Confession #1: I love Jane Austen.
Not quite to the heights of Austenland’s heroine, but still.
In graduate school, I took a course on romantic satire that included a unit on Jane Austen, which began about a month into the semester. That first day, while the dignified middle-aged professor and our male peers looked on in shock (I assume we’d seemed reasonably intelligent and dispassionate to that point), I and a few of my female colleagues went full-on fan-girl about Jane Austen: high pitched voices, fluttering hands, the whole bit. I’m not sure I ever quite regained that lost credibility.
I own at least two copies of her major works. (My husband, in the throes of newlywedded bliss, bought me the entire Oxford Illustrated classics set and set my giddy heart reeling). I’ve even read her unfinished novel, Sanditon, and her short epistolary novel Lady Susan, and own books like The Friendly Jane Austen, Becoming Jane Austen, and What Jane Austen Ate and Charles Dickens Knew. (And yet, I’ve never been to a Regency ball or joined JASNA).
Confession #2: Sometimes I’m ashamed of my addiction.
Austen is a) not a remotely cool addiction and b) something I probably share with a majority of women. If I’m going to hand-pick an addiction, I’d at least like to be unique.
Confession #3: I get swoony about well-dressed men in period costume. (Did any of you see this? This is me, only with nineteenth-century breeches and top hats).
My husband knows this about me. He still loves me, though he’s yet to dress in period costume himself.
To be fair, this is more than just an Austen thing: at seventeen I had a month-long crush on the young man who played Rochester in BYU’s musical (yes, musical) production of Jane Eyre. And any of you have seen the BBC’s North and South will understand why I admire John Thornton.
Confession #4: I’m prone to reading Austen at inappropriate times.
Like the year I read three of her novels during finals week. Or when I should be feeding my children lunch.
Confession #5: I’m a sucker for Austen adaptations. And spin-offs. And remotely Austen-inspired products.
Most of the time this means I slodge through books or movies I wish I hadn’t wasted the time on. (Like the one that takes Darcy and Elizabeth’s relationship places I had no wish to go to and quit after three chapters).
But sometimes I find a gem. Like the irreverent Lost in Austen T.V. series. Or Jo Baker’s lovely Longborne, which I finished last week—Pride and Prejudice as told from the servant’s perspective. Or Shannon Hale’s delightful Austenland (the book, and the Jerusha Hess directed movie).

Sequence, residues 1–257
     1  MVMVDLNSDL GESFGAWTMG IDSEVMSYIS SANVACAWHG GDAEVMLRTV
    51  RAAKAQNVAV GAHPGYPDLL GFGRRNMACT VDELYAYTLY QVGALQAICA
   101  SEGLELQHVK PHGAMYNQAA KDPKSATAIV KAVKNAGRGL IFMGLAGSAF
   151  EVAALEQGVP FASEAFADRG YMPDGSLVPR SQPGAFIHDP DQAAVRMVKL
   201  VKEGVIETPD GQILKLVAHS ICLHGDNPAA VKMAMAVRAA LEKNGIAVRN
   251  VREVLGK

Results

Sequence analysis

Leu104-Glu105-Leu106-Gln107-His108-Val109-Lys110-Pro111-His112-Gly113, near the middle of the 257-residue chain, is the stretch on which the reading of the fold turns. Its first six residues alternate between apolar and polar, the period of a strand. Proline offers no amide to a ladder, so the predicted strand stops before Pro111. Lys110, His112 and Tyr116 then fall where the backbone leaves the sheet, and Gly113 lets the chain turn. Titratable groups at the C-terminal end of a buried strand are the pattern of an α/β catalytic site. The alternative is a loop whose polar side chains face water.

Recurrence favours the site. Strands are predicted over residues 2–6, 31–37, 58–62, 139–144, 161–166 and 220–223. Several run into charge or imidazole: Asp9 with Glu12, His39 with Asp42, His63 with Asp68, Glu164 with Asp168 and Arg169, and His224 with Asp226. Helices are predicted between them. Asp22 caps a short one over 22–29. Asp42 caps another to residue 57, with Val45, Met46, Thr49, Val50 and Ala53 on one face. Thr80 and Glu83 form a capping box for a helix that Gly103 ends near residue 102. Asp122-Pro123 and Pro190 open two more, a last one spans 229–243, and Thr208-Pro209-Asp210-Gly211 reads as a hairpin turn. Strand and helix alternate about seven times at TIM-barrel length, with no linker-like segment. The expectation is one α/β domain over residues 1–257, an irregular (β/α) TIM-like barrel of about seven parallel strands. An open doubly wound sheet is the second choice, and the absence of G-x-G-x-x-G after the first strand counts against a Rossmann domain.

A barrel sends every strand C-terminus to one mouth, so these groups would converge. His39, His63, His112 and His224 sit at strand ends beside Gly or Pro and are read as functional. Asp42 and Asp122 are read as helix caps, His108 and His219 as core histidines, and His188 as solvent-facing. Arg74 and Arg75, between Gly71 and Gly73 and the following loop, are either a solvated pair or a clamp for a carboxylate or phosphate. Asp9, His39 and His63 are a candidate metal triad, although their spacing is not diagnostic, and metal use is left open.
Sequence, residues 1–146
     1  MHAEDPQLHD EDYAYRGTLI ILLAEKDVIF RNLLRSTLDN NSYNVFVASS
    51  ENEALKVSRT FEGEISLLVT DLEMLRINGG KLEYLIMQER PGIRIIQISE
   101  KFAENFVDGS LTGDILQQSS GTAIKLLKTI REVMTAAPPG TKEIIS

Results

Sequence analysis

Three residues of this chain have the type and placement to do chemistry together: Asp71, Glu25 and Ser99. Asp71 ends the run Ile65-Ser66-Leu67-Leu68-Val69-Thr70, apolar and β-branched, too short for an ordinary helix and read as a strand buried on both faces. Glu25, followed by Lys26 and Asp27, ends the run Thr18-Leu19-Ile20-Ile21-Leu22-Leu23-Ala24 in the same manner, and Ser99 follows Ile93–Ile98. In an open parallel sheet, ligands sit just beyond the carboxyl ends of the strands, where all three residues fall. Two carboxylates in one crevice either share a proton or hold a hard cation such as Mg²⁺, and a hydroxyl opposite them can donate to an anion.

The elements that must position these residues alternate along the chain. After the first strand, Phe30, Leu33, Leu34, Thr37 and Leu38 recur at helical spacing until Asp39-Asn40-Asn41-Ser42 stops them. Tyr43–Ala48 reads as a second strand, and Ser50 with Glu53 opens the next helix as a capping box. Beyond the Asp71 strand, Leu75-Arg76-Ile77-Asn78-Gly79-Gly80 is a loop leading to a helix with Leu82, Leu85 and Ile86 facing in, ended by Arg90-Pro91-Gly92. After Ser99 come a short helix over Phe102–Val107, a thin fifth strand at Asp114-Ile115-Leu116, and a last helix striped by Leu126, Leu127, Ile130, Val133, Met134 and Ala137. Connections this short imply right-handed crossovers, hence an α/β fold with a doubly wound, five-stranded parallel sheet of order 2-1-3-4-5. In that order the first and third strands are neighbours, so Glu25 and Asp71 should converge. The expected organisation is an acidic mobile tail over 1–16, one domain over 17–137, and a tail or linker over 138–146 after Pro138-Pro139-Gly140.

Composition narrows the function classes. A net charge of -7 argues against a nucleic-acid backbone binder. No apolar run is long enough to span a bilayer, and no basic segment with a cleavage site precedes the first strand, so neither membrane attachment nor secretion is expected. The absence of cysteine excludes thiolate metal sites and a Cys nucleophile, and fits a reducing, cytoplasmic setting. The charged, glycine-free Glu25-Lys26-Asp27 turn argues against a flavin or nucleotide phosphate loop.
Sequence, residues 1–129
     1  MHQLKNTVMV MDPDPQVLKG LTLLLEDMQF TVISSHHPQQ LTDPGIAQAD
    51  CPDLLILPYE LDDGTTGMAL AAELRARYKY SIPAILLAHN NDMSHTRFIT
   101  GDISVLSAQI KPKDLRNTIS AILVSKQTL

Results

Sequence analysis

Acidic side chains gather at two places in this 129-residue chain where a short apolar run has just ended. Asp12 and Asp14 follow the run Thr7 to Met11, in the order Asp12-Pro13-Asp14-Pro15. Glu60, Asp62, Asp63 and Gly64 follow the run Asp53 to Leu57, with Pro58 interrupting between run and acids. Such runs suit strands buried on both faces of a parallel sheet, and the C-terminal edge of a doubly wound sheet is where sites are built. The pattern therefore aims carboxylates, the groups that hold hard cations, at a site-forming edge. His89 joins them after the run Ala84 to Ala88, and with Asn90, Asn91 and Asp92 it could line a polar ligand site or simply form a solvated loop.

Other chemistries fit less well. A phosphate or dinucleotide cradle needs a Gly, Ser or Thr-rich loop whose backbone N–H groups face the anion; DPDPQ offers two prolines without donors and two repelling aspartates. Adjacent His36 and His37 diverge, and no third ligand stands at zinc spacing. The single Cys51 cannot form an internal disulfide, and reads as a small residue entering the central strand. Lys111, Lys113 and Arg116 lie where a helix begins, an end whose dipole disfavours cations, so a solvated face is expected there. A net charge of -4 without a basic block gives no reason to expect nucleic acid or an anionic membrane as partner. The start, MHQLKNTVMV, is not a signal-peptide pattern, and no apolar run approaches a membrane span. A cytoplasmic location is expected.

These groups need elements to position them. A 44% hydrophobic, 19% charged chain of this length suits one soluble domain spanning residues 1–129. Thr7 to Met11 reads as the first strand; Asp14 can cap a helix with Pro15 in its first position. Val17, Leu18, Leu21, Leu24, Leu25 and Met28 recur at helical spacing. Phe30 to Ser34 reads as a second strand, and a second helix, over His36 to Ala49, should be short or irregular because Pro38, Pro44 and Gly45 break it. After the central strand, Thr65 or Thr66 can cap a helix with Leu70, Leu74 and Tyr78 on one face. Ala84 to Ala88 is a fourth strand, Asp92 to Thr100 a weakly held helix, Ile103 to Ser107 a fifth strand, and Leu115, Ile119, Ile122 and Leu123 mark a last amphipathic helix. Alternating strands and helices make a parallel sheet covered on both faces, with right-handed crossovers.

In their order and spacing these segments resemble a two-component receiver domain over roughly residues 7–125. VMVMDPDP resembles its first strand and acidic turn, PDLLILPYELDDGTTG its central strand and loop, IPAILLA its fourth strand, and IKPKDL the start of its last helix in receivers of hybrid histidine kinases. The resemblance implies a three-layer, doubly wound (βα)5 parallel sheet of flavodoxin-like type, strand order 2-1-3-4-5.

And Georgette Heyer’s Regency era novels remain a staple of my go-to comfort reading.
Confession #6: Like many addictions, mine has evolved.
What began as a teenage fascination with her romances (Lizzie Bennet and Mr. Darcy!) has emerged as a more sustained fascination with Austen’s character perception and her sharp insights into social and economic issues facing women.
Most of Austen’s books focus at least to some extent on the financial uncertainty of well-bred, impoverished young women. The Bennets must marry well because Longborne is bound in entail to Mr. Collins; Elinor and Marianne Dashwood struggle because a similar entail left their ancestral home to their half-brother and his scheming wife; Anne Elliot’s father and sister are near to ruining their family because they have no sense of economy; Fanny Price knows all the snubs and indignities of being a poor cousin; and even Catherine Morland finds her romance frustrated when her humble economic prospects are not grand enough for her suitor’s father. Only Emma seems free from the taint of economic uncertainty—indeed, she is the only one of the women who need not marry from a sense of economic imperative. It’s a happy coincidence in Austen’s books that the women find wealthy men they can love—but love is only part of the equation in these books.
In the last two weeks I’ve twice seen the Utah Shakespeare Festival’s Sense and Sensibility (If you have a chance to go, it’s marvelous), and the sharp contrast between the sisters stands out to me: Elinor’s sense against her sister’s over-sensitivity. It’s not simply that Austen favors Elinor’s control over Marianne’s lack thereof, it’s that Marianne’s indulgence becomes selfish and hurtful, and I find myself wondering how many times my own indulgence (in a bout of temper or tears) has hurt those around me when a little more restraint might have spared them.
Ultimately, I return to Austen not simply because I love the romance of her world (I do), or her characters (ditto), but because I learn things about myself and my own world in her pages.
I may be an Austen addict, but I’m unlikely to reform any time soon.
What about you? Do you have any favorite addictions–literary or otherwise? What draws you to them? What pulls you away?